Gilded Serpent presents...

Superstars

What Sets Them Apart?

Amani Jabril

by Jhavia Nayeli
photos by Charlie Smith
posted July 3, 2012

The other evening, as I looked at the starry night sky, I reflected on stars of a different sort. Mentally, I traveled back to earlier in the year–around mid-February. I was filled with excitement; I had just purchased a ticket to see the Bellydance Superstars! They were on their "Club Bellydance Tour”, and Atlanta was one of the places that would be graced with their presence. I purchased my ticket about a month in advance, and immediately started counting down the days.

After what seemed like an eternity, the night finally arrived! I made sure that I was at Oglethorpe University shortly after 7pm–a half hour before the show was scheduled to begin. I couldn’t help but smile as I waited for the belly dancing to begin. The festivities commenced with Atlanta-based belly dancers, including Awalim, Samora, Amoraat, Aya of Istanbul, Amani Jabril, and Rafiah Dance Company. I had seen all but one of these local stars perform before, and I expected nothing less than the stellar showmanship that I had come to know and love.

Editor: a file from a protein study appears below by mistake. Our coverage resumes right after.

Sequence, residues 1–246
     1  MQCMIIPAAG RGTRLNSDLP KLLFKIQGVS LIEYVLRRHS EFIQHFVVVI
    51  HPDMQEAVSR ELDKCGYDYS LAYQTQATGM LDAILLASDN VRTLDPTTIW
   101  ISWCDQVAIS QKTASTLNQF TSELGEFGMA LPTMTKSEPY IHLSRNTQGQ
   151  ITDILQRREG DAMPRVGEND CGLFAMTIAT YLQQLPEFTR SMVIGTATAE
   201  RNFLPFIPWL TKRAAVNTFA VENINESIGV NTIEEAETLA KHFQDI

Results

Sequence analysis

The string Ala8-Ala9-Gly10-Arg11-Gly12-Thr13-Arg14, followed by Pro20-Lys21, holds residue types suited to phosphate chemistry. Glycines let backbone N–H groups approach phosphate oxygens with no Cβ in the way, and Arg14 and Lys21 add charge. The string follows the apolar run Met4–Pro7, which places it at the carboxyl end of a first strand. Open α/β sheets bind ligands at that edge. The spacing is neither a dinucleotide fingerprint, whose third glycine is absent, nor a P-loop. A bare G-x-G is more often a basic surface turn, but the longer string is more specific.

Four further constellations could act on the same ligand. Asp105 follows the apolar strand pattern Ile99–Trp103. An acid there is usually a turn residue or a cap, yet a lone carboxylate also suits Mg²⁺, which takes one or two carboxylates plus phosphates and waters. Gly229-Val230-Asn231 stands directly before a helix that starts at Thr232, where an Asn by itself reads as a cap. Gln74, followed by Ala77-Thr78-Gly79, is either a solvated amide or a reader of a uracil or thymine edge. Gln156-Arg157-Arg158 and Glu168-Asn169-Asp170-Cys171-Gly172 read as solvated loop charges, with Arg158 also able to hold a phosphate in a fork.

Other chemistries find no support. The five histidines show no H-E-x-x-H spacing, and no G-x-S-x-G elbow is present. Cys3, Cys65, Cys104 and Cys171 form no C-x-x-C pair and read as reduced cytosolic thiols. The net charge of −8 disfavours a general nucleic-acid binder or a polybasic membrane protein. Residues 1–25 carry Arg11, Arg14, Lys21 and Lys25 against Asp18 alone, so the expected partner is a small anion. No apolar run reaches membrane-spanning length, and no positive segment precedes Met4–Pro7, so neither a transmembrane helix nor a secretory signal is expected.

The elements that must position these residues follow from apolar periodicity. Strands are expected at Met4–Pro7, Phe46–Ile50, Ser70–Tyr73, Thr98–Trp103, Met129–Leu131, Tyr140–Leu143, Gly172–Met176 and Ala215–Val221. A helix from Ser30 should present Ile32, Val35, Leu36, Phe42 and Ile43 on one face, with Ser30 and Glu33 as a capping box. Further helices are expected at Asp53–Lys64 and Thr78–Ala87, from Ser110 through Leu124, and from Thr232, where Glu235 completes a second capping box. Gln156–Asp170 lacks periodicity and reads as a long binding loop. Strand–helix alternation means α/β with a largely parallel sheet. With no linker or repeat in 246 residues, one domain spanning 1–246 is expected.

I was not disappointed; Atlanta’s raqs-stars shimmied up a storm! When they were finished, I was overwhelmed with pride. These were the women whom I called teachers, inspirations, and shimmy sisters. The performances were varied, and a true representation of Atlanta’s belly dance community: dynamic, poised, diverse, passionate, and energetic.

After a brief intermission,  it was time for the BDSS half of the show. Could this extravaganza get any better? I assumed so, because the Bellydance Superstars were in the building; my expectations were sky high!

The dancer line up included Sabah,Petite Jamilla, Lauren, Moria, Stefanya, and Sabrina. All of the BDSS dancers were gorgeous, but I couldn’t tell “who was who”. Also, the choreography, in which the cabaret and tribal dancers performed together, was unique–yet confusing.

I wanted to enjoy it, but I just didn’t “get” it!

There didn’t seem to be a theme, and the dances were incongruous. Each performance seemed too long, because I wasn’t intrigued or drawn in. Honestly, I found myself paying more attention to the costumes and the music than the dancing itself; the technique of each dancer was superb, but the performance wasn’t moving or memorable. Well, except for one performance: Petite Jamilla was lovely. She looked like a spinning white lily onstage as she twirled endlessly–with two veils.

Once the show was over, I had a mixture of feelings. On one hand, I had just seen the Atlanta area dancers perform brilliantly, but on the other hand, I was disappointed by the BDSS. I was expecting them to give a show that I would reminisce about vividly for years to come; one that would serve as a source of inspiration for me as a student and fan of belly dance. Instead, I was left wondering why they were considered the "Bellydance Superstars."